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Fish in baby's diet can lower allergy risks

by Amber Gulla
Apr 18, 2013

Baby allergy photo

Creative Commons

Children can develop allergies in infancy but fish in their diet can help protect them both as babies and later in life.

Eating pureed fish may be the best baby food to prevent allergies later in childhood.

Consuming fish during infancy can lower a child’s risk of food or seasonal allergies, asthma and eczema by about 75 percent, according to a recent study published in The American Journal of Clinical Nutrition. Eight percent of children in the U.S. suffer from allergies.

Jessica Magnusson, a Ph.D. student at Karolinska Institutet in Stockholm, Sweden, and one of the authors of the study, said the study involved 3,285 children. Researchers followed them and surveyed their families with questionnaires when the children were ages of 1, 2, 4, 8 and 12 years to better understand when symptoms started to appear.

Eighty percent of children who participated in the study ate fish at least twice a month. After following the children over the years, results showed allergy risks were reduced in children who ate fish as a baby. The other 20 percent of children in the study didn't eat fish.

“We had in a previous study, [with] the same children, seen an association between fish intake in infancy and a reduced risk of allergic disease,” she said, “but then we had only been able to study allergic disease up to age 4.” Now with information up to 12 years old, they decided to do another study to see if the reduced risk lasted as they got older.

However, specific allergies were not studied independently and the researchers were unable to keep track of what types of fish were eaten.

Jacqueline Pongracic, division head of allergy and immunology at Ann and Robert H. Lurie Children’s Hospital, said the most common food allergens differ between cultures. “Where there is a high consumption of fish, there are less fish allergies,” she said. “Same thing with other foods.” Pongracic said the study follows in the same direction as others by introducing food allergens earlier on.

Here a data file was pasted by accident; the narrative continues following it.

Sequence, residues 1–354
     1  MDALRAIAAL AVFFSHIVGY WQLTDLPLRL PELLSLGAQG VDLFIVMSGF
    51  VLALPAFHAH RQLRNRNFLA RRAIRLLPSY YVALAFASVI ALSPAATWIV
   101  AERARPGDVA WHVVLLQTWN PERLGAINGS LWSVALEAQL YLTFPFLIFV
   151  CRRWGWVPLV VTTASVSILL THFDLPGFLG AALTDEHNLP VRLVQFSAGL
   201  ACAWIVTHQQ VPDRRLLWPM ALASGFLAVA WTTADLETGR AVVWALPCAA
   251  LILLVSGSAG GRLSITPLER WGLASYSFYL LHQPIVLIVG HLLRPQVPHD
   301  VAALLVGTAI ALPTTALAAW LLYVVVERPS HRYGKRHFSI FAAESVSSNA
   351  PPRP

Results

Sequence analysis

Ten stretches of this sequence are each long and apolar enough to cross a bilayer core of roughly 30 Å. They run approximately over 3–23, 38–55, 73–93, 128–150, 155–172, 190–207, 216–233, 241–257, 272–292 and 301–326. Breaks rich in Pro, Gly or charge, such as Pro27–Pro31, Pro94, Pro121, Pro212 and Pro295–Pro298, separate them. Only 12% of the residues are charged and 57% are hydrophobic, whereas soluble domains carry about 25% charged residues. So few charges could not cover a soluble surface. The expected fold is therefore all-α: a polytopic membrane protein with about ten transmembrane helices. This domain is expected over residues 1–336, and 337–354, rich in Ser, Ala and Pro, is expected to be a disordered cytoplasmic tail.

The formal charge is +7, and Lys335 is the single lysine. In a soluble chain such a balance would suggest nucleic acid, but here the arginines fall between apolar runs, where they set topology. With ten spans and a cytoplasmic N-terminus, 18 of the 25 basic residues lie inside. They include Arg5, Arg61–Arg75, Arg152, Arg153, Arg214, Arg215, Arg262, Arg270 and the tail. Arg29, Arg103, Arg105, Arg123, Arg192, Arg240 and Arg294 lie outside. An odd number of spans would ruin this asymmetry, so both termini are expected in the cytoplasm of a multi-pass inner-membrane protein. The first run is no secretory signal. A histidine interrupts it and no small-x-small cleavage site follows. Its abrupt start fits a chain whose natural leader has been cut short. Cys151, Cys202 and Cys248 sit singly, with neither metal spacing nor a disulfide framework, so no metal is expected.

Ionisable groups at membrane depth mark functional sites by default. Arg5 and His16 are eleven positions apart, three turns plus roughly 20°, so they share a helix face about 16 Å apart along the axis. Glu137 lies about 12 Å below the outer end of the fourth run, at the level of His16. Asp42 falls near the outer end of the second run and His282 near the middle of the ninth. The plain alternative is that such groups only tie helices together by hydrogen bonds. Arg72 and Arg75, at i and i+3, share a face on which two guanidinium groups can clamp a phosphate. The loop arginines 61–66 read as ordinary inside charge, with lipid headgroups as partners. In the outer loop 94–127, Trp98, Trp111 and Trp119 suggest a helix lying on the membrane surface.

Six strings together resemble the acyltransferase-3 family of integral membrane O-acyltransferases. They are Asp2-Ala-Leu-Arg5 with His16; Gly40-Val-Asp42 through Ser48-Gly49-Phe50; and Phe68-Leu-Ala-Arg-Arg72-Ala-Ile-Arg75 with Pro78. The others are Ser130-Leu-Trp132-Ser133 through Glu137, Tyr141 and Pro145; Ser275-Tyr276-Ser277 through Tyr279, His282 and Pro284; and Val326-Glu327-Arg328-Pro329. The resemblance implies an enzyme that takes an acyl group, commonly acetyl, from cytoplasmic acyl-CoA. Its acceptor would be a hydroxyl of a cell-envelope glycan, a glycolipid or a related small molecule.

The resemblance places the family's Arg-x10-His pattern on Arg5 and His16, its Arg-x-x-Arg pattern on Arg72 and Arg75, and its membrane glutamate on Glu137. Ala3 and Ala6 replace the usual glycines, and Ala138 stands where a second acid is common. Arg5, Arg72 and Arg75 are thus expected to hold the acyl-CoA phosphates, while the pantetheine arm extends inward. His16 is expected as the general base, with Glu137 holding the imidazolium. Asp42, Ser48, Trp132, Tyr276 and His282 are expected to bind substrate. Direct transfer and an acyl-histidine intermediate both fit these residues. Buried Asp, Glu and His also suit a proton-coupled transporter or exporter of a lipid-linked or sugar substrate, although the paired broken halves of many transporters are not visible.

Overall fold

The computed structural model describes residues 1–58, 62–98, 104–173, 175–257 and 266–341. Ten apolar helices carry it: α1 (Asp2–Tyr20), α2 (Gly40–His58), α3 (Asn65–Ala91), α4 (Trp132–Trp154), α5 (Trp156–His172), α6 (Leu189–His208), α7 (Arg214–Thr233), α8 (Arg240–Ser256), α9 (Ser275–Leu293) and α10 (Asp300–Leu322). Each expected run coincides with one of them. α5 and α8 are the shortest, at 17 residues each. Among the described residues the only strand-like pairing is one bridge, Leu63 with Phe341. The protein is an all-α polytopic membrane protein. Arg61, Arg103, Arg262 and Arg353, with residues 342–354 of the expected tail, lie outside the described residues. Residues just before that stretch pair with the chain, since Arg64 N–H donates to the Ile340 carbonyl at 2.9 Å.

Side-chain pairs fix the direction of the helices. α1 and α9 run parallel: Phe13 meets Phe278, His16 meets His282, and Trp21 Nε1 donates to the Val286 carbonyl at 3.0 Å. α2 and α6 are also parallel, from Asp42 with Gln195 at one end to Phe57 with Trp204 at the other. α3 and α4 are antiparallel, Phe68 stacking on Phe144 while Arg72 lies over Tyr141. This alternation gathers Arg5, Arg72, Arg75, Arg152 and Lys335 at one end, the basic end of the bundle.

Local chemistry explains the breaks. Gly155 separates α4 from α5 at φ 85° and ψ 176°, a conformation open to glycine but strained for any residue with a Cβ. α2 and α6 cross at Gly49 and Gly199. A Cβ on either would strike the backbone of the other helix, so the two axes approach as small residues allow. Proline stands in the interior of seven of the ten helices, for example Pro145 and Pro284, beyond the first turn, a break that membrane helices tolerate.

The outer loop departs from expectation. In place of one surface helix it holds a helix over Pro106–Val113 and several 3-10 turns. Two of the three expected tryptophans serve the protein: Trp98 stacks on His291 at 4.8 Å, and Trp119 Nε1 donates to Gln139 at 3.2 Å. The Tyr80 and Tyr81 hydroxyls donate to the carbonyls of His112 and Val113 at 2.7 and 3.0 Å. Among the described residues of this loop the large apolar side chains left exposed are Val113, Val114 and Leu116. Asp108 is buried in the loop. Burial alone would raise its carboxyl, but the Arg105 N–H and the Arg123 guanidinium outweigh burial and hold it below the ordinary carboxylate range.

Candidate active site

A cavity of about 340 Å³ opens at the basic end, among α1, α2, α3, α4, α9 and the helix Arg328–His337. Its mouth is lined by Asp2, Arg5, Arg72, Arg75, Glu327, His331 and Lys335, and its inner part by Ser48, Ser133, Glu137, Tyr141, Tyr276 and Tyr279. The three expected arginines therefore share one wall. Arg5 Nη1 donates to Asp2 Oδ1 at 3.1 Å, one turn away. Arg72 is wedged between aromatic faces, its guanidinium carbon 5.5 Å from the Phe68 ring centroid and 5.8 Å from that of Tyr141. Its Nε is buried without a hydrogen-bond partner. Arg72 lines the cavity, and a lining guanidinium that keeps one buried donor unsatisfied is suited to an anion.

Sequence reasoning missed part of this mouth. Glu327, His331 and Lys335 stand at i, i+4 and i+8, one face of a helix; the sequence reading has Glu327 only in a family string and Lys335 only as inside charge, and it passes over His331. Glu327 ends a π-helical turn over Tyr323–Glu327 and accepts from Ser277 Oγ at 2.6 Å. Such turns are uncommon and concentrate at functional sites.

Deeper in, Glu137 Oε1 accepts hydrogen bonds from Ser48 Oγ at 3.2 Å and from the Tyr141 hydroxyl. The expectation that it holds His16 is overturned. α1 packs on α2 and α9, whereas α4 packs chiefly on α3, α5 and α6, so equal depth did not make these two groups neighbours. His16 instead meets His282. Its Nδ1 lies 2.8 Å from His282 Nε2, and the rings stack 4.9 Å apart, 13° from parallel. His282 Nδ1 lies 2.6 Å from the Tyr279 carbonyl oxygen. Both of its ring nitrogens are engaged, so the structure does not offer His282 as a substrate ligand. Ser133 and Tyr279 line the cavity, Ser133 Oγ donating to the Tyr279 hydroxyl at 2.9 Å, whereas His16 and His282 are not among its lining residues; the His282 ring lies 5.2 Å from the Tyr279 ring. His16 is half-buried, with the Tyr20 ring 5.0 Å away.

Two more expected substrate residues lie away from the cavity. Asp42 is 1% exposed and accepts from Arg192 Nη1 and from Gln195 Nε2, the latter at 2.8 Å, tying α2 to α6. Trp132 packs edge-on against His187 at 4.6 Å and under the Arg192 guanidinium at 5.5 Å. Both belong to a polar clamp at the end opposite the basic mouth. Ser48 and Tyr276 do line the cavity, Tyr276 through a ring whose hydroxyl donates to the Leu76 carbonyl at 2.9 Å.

“Fish is one of the top eight food allergens,” said Ruchi Gupta, associate professor of pediatrics at Northwestern University's Feinberg School of Medicine. “The big question is that is there this time during infancy where exposing them to food helps their immune system and prevents allergies?”

According to Gupta, there is no other known way to lower the risk of allergies, though theories abound. “There’s the hygiene hypothesis, where we’re becoming too clean and our immune systems aren’t fighting anything else so they’re fighting food,” she said. “The other is the way we’re processing food with things like GMOs or pesticides. We’re just trying to figure out what’s going on.”

Leslie Alter, a mother of three in Highland Park, noticed allergy symptoms developing for her two sons at about eight or nine months of age. Her daughter has no allergies. One of the sons, who was allergic to peanut butter, was introduced to the food at 3 years old. “We didn’t realize he had a peanut allergy until he was a little older,” she said. “But he just grew out of it. No peanut therapy.”

According to Alter, the study results wouldn't help her second son, who is allergic to fish and shellfish along with other foods. “I don’t know what that would do for a kid like that,” she said.

However, Alter believes that the study is definitely something for parents to try. “It worries me that my son does not get fish because of omega 3 and fatty acids,” she said. “Assuming my kid didn’t have an actual allergy to it, I’d say why not.”